You are going to build an amazing product. It is going to revolutionize the way a market works. It is awesome to the extreme (Dude!). Because your product is so amazing, you know the entire market is your customer base. You certainly don't want to limit your sales potential by limiting your customer base to a segment of that market, right?
In the consumer and small biz software world, we generally shoot for a hockey-stick growth curve. Enterprise software is a little more difficult to have that kind of a growth curve because it is high touch, but we still would like to see the curve moving upwards. In both cases, though, each progressive sale becomes easier than the sale before it.
That is an important concept, so I will repeat it. Selling your product to the 1,000,000th customer will be easier than selling it to the 999,999th customer. In an exponential growth curve (e.g. the hockey stick), it is exponentially easier to make the next sell.
Being Infinitely Hard
OK, the first sell is not infinitely hard, but it is amazingly difficult (we'll ignore the copy Mom bought because she believes in your company...). The first buyer is buying completely on faith: faith that you will survive as a company and succeed as a product, faith that you will deliver the future you promise, faith that you will really solve her problems. Even if your product is free, a leap of faith is required just for the time investment required.
This is what you need to be thinking about as you plan your initial release. It is not the easy 1,000,000th easy sale, but the very hard first sale that matters.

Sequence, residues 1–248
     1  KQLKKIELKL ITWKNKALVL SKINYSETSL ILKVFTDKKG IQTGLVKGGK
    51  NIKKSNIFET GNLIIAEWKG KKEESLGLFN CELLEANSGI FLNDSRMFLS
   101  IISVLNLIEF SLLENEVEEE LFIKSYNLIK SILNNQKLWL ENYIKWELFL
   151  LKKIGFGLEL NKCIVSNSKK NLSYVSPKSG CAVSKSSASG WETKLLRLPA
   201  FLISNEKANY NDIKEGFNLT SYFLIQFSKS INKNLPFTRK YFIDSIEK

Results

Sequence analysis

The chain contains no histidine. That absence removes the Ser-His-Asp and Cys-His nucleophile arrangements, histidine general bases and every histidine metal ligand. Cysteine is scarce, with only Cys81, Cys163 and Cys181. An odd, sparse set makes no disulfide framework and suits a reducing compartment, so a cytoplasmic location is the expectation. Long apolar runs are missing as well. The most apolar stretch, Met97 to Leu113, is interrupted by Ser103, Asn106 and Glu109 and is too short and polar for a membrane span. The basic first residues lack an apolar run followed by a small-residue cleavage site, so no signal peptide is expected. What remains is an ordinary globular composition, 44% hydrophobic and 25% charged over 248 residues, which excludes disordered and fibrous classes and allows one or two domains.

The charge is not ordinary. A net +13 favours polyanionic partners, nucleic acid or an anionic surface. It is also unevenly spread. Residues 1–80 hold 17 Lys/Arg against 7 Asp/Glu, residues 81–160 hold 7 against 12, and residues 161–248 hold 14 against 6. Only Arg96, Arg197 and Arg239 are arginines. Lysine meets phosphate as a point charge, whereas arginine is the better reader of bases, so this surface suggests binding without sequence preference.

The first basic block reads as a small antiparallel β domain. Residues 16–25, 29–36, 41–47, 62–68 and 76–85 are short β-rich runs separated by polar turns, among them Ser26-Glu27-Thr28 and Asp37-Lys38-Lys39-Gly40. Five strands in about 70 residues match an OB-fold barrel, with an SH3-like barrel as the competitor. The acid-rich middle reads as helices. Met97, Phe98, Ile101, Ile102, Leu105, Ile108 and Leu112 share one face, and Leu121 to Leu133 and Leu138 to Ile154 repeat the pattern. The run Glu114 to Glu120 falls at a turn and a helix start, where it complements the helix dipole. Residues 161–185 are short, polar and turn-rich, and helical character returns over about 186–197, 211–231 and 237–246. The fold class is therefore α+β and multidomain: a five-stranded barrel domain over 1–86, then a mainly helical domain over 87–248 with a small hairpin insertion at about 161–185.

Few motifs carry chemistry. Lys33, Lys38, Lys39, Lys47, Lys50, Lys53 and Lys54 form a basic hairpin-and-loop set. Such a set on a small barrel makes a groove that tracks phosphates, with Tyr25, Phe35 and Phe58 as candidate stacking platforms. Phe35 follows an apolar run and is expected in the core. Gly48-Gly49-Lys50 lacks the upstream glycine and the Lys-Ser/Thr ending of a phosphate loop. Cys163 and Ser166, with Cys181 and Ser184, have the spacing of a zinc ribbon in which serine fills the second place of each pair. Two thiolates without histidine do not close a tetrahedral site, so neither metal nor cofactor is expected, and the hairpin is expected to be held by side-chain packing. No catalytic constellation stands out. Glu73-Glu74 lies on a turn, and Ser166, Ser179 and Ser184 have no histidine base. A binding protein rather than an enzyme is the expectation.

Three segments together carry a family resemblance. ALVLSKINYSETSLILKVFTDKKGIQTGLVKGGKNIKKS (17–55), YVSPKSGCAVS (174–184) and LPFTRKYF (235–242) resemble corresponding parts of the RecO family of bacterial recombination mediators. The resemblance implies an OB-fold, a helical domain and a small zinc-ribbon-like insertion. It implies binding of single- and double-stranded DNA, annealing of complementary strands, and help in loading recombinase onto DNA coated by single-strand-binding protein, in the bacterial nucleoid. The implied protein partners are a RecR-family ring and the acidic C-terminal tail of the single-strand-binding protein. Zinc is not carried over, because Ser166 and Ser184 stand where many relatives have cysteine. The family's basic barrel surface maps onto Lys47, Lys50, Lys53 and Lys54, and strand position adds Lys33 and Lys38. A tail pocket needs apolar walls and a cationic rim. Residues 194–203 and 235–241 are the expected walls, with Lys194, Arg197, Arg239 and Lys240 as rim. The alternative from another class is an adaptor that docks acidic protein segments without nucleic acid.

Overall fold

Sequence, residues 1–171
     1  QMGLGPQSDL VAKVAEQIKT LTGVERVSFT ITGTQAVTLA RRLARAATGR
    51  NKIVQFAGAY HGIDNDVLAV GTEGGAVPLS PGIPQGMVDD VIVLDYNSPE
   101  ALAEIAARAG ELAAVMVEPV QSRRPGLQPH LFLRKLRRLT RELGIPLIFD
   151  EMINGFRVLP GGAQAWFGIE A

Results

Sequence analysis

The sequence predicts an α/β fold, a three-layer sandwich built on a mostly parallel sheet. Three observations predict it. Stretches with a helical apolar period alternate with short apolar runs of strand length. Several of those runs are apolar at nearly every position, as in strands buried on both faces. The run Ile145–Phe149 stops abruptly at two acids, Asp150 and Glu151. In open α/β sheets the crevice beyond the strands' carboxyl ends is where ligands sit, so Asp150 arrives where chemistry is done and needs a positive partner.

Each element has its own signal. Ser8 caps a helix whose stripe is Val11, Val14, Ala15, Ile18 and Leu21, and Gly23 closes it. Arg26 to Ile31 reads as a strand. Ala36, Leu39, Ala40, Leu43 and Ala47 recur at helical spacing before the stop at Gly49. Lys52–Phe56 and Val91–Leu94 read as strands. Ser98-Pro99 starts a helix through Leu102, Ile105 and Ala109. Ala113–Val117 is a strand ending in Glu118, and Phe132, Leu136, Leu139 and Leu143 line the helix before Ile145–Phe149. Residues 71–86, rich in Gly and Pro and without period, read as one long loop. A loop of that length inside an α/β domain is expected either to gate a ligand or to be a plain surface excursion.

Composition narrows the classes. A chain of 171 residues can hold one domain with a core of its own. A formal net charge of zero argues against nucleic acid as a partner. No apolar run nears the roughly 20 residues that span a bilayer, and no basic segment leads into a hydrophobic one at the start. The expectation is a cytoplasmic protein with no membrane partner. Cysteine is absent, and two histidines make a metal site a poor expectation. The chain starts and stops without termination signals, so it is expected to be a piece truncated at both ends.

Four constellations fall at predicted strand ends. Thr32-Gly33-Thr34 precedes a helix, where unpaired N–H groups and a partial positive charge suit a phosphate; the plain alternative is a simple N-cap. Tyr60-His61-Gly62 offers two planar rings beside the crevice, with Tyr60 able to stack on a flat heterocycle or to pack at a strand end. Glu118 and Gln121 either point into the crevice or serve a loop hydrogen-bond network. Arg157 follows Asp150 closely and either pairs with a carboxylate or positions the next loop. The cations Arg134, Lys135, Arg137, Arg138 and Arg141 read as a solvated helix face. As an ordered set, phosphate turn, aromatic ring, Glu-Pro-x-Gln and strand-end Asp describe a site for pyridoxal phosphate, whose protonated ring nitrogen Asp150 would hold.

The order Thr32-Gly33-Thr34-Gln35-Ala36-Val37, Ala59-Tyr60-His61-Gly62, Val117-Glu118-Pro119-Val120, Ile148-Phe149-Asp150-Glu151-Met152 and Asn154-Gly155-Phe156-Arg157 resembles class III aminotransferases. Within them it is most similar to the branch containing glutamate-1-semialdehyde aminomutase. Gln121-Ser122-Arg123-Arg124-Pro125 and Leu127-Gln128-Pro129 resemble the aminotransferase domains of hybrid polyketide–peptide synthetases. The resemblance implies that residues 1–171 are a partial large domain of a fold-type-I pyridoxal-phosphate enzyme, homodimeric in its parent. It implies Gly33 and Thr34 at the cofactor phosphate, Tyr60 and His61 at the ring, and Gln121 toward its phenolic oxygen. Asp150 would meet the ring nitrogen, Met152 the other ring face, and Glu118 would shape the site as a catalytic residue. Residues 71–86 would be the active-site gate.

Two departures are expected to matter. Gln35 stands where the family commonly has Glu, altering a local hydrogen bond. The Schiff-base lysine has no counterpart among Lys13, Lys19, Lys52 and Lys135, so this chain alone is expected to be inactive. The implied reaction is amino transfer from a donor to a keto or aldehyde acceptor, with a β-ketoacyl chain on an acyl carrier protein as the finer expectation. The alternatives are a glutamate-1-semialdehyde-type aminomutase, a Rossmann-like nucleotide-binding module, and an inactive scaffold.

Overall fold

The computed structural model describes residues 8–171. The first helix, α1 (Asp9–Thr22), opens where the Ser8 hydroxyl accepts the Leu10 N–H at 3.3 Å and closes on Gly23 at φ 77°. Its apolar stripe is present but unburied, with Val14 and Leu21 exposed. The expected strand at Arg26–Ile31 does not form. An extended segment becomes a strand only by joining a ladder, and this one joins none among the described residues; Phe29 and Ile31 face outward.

Make It Easier
With that in mind, how can you make it easier? The closer your software and marketing matches the needs of a highly focused group in your overall target market, the easier that first sell will be. Now is the time to put your product management hat on, identify that focused group, and start building value specifically for them. As development continues, product marketing (yeah, it may be you again...) will start to craft a message tailored specifically to them. Your launch will be tailored around this tightly focused group, getting them on board, and making them extremely happy.
There is a fringe benefit to having a tightly focused group of customers: they form the foundation of your tribes, who are absolutely critical to your success.
With your tribe of happy customers, you are ready to conquer the world and start taking advantage of ever-easier sales. Remember, even Facebook started with just Harvard and dreams of owning the whole college alumni population. Imagine if Facebook had said, "We have a product perfect for every college student, we don't need to start with just Harvard." Do you really think they would be where they are today? Is your product poised for more success than Facebook was?